Inadequate disclosure alone is sufficient to warrant denial of all fees sought. See, e.g., In re Georgetown of Kettering Ltd., 750 F.2d 536 (6th Cir. 1984); In re EWC Inc., 138 B.R. 276, 280 (Bankr. W.D. Okla. 1992) ("Violation of the disclosure rules alone is enough to disqualify a professional and deny compensation, regardless of whether the undisclosed connections or fee arrangements were materially adverse to the interests of the estate or were de minimis."); In re Saturley, 131 B.R. 509, 516-17 (Bankr. D. Maine 1991) ("Anything less than the full measure of disclosure leaves counsel at risk that all compensation may be denied."). Therefore, prudent professionals—understandably—err on the side of caution and disclose far more than is (or should be) required, for fear of ending up having served pro bono. See Crivello, supra, 134 F.3d at 836; Park-Helena, supra, 63 F.3d at 882 ("Even a negligent or inadvertent failure to disclose fully relevant information may result in a denial of all requested fees.").

The Dilemma

Rule 2014's "all...connections" clause is overbroad. Even those professionals that make voluminous disclosures of wildly irrelevant "connections" probably do not comply with the literal requirement of disclosure of "all connections" as required by Rule 2014(a). Literal compliance with the unambiguous language in Rule 2014(a) requires disclosures that are unnecessary for a determination of a professional's fitness to act for an estate. Nor is it even possible for a conscientious professional to comply in any but the most mundane and tiny cases. Most cases of any size would require huge or even impossible disclosures that would defeat the intended purpose of the Rule. Simply stated, Rule 2014(a), in its present form, is overbroad. And despite the best efforts of some courts, the rule of reason they espouse is impossibly vague and, accordingly, of little practical utility.

What is a "connection" with a creditor? In any large prospective chapter 11 case, counsel preparing the schedules will learn that the debtor-to-be will be listing dozens of utility companies, national or international equipment or real property lessors and other companies with whom the law firm has had prior dealings. Is it necessary for a law firm that hopes to represent the chapter 11 debtor to disclose that, for example, in a chapter 7 bankruptcy case 10 years before in which the law firm represented the trustee, one of the creditors was AT&T, which happens also to be a creditor in the current case? What if, in a case concluded 10 years earlier, this law firm actually represented AT&T but has had no assignment from that company since? What if the law firm knows that Local Attorney A will be representing the bank, that Local Attorney B will be representing the municipality and that Local Attorney C will be representing a tort claimant in the new case? Should the law firm disclose every case that it ever had in which A, B or C (all well-respected busy bankruptcy lawyers) were involved? What about the golf dates they shared, the meetings and conferences they attended, and the fact that they are on the same bench/bar liaison committee? Are these not all "connections"? If not, then how is that term defined?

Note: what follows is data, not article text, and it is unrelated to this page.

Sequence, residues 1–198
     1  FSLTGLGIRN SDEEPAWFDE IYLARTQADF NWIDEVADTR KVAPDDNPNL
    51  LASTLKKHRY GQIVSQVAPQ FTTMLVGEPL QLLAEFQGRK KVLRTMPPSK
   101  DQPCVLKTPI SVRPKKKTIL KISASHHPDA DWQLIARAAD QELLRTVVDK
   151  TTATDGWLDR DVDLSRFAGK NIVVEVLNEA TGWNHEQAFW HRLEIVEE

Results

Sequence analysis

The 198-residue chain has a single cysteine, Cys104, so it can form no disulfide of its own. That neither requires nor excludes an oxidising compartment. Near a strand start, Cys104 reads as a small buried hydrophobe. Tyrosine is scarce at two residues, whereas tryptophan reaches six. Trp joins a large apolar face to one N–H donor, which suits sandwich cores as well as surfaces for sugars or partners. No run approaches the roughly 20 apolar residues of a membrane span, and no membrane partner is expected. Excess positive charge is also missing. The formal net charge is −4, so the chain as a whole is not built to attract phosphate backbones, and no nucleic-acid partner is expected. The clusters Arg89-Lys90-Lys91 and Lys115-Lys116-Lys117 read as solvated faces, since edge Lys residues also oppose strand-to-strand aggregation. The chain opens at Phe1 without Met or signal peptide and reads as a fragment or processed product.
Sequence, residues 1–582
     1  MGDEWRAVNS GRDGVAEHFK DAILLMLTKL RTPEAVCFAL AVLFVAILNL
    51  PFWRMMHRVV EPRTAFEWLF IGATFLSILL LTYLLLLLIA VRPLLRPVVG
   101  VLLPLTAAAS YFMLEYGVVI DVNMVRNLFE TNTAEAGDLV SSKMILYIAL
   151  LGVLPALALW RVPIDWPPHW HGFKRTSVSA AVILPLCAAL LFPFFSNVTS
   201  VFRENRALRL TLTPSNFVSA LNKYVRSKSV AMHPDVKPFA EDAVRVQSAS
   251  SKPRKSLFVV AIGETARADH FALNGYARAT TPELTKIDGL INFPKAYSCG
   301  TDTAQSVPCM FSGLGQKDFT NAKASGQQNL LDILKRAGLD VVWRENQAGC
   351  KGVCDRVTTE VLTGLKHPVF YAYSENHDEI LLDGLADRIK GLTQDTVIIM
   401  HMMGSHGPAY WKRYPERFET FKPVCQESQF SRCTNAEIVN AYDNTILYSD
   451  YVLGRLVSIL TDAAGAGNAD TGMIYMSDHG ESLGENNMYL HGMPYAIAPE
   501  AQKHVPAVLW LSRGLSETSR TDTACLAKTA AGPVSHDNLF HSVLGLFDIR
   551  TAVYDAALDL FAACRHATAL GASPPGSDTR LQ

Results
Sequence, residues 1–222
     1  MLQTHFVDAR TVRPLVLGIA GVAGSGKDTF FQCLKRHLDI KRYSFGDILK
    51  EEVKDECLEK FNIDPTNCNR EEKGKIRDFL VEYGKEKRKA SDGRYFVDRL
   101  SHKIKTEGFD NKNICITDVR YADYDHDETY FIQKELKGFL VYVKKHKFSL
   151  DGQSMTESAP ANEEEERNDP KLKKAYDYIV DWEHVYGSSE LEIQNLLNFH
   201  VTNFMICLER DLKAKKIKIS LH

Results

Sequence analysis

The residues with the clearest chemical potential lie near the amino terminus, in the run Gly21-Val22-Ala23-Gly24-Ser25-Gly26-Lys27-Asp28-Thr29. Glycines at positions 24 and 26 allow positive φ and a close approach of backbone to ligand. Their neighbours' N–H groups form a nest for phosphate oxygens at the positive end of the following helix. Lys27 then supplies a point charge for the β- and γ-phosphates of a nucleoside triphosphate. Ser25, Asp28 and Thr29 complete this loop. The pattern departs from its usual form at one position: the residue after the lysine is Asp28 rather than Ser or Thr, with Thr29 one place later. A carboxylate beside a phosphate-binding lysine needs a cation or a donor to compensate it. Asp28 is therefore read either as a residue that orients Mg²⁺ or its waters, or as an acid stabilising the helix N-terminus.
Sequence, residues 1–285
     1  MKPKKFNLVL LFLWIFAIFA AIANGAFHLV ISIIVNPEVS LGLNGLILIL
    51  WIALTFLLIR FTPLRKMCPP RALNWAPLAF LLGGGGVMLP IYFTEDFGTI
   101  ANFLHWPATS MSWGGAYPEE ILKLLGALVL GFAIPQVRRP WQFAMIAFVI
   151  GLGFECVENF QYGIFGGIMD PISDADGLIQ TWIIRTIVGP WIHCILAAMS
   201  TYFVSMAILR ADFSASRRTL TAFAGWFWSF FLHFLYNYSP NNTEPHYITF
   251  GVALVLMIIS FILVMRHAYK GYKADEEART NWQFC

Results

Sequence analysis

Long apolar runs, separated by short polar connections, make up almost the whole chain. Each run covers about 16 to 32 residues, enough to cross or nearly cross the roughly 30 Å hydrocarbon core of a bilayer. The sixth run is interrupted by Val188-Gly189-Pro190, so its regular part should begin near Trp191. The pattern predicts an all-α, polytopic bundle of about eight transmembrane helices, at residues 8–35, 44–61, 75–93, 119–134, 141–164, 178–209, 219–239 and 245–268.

Professionals are not even likely to know of all "connections" they may have that they could be required to disclose. How does a certifying professional really know who all the parties in interest in a case will be, let alone the attorneys and accountants for the yet-to-be-determined parties in interest? For example, what if, unknown to the certifying lawyer, another attorney in the law firm seeking to be employed by the debtor-in-possession (DIP) happens to personally use the services of an accountant who is himself involved in the case? This non-disclosure, under a literal interpretation and application of Rule 2014(a)—and recall that some courts have said that one must comply with the literal terms of the Rule (see, e.g., Plaza Hotel, supra, 111 B.R. at 883)—would trigger disqualification and denial of fees. Following this example, the fear of being disqualified or having compensation denied might prompt a professional to make blanket or boilerplate disclosures of any and all accounting firms with which she, her firm and any of its other personnel do business. Even worse, because there is no real way for a law firm filing its initial disclosures to know which lawyers and accountants the (perhaps thousands of) creditors may retain (or have already retained) to assist them in the soon-to-be-filed chapter 11 case, a cautious lawyer could reasonably conclude that the law firm's disclosure should include a boilerplate recitation of all connections with all known lawyers and accountants wherever located.

[O]ver-disclosure resembles the overproduction of documents that has long been condemned in the course of litigation discovery: Somewhere in the midst of all the disclosures, there might be something relevant.